Sunday, February 22, 2009

Lace Love

Some lace love:

Elizabeth Zimmermann's February Baby Sweater, aka the Baby Sweater on Two Needles, from The Knitter's Almanac. 4 skeins of Knit Picks Shine Worsted in Apple Green, almost entirely used up--I have enough for the stem of an upside-down daisy hat left, I think. I have some really cute buttons that look like white flowers, and I'm going to use yellow embroidery floss to attach them. For a friend, who's due in May with a little girl.

Evelyn Clark's Lace Leaf Shawl (Fiber Trends pamphlet), in Mountain Colors Bearfoot "Ruby River." 11 pattern repeats, and I didn't knit the last two charted rows of the border (which was a very good decision--I have about 7 inches of scrap yarn left after weaving in the ends). I love Clark's patterns--they're great for knitting until you run out of yarn. The final measurements on this were 51 inches along the top, and 26 inches down the spine, which is totally respectable. The recipient seemed quite pleased with it, and put it on immediately, which is always nice!

Monday, February 2, 2009

Silent Poetry Reading


It little profits that an idle king,
By this still hearth, among these barren crags,
Match'd with an aged wife, I mete and dole
Unequal laws unto a savage race,
That hoard, and sleep, and feed, and know not me.
I cannot rest from travel; I will drink
Life to the lees. All times I have enjoy'd
Greatly, have suffer'd greatly, both with those
That love me, and alone; on shore, and when
Thro' scudding drifts the rainy Hyades
Vext the dim sea. I am become a name;
For always roaming with a hungry heart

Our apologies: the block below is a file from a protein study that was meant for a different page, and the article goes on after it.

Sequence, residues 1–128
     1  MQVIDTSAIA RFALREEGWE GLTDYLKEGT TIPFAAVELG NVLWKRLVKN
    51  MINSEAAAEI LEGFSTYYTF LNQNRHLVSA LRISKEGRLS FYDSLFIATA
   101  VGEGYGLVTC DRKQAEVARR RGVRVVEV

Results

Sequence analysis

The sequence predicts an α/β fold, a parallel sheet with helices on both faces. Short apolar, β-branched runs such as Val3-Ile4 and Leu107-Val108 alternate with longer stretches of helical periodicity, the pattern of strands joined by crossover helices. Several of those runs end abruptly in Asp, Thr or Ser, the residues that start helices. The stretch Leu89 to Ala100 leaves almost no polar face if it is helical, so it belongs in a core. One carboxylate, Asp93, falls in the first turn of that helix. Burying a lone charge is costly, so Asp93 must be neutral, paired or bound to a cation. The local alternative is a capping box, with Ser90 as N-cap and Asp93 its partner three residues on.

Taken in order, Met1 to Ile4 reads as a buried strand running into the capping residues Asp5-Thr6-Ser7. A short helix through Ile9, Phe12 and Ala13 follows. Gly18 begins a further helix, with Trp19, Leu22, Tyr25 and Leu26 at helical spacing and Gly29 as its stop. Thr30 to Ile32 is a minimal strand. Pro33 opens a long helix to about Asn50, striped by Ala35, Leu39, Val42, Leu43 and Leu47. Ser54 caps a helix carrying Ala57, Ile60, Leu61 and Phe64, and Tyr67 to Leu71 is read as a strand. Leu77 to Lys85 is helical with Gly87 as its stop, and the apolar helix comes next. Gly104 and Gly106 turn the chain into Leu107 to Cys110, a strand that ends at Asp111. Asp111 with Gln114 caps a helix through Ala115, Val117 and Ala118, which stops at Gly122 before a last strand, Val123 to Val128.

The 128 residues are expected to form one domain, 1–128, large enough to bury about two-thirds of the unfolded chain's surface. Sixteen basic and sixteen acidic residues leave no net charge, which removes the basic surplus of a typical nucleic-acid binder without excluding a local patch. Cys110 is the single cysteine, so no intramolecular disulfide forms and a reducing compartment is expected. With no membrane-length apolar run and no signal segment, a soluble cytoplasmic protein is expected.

Much have I seen and known, -- cities of men
And manners, climates, councils, governments,
Myself not least, but honor'd of them all, --
And drunk delight of battle with my peers,
Far on the ringing plains of windy Troy.
I am a part of all that I have met;
Yet all experience is an arch wherethro'
Gleams that untravell'd world whose margin fades
For ever and for ever when I move.
How dull it is to pause, to make an end,
To rust unburnish'd, not to shine in use!
As tho' to breathe were life! Life piled on life
Were all too little, and of one t me
Little remains; but every hour is saved
From that eternal silence, something more,
A bringer of new things; and vile it were
For some three suns to store and hoard myself,
And this gray spirit yearning in desire
To follow knowledge like a sinking star,
Beyond the utmost bounds of human thought.

This is my son, mine own Telemachus,
To whom I leave the sceptre and the isle, --
Well-loved of me, discerning to fulfil
This labor, by slow prudence to make mild
A rugged people, and thro' soft degrees
Subdue them to the useful and the good.
Most blameless is he, centred in the sphere
Of common duties, decent not to fail
In offices of tenderness, and pay
Meet adoration to my household gods,
When I am gone. He works his work, I mine.

There lies the port; the vessel puffs her sail;
There gloom the dark, broad seas. My mariners,
Souls that have toil'd, and wrought, and thought with me, --
That ever with a frolic welcome took
The thunder and the sunshine, and opposed
Free hearts, free foreheads, --you and I are old;
Old age hath yet beyond his honor and his toil.
Death closes all; but something ere the end,
Some work of noble note, may yet be done,
Not unbecoming men who strove with Gods.
The light begins to twinkle from the rocks;
The long day wanes; the slow moon climbs; the deep
Moans round with many voices. Come, my friends.
'T is not too late to seek a newer world.
Push off, and sitting well in order smite
The sounding furrows; for my purpose holds
To sail beyond the sunset, and the baths
Of all the western stars, until I die.
It may be that the gulfs will wash us down;
It may be we shall touch the Happy Isles,
And see the great Achilles, whom we knew.
Tho' much is taken, much abides; and tho'
We are not now that strength which in old days
Moved earth and heaven, that which we are, we are, --
One equal temper of heroic hearts,
Made weak by time and fate, but strong in will
To strive, to seak, to find, and not to yield.

Alfred, Lord Tennson (1809-1892). Poet Laureate of England, 1850-1892.

"Ulysses" was first published in 1842.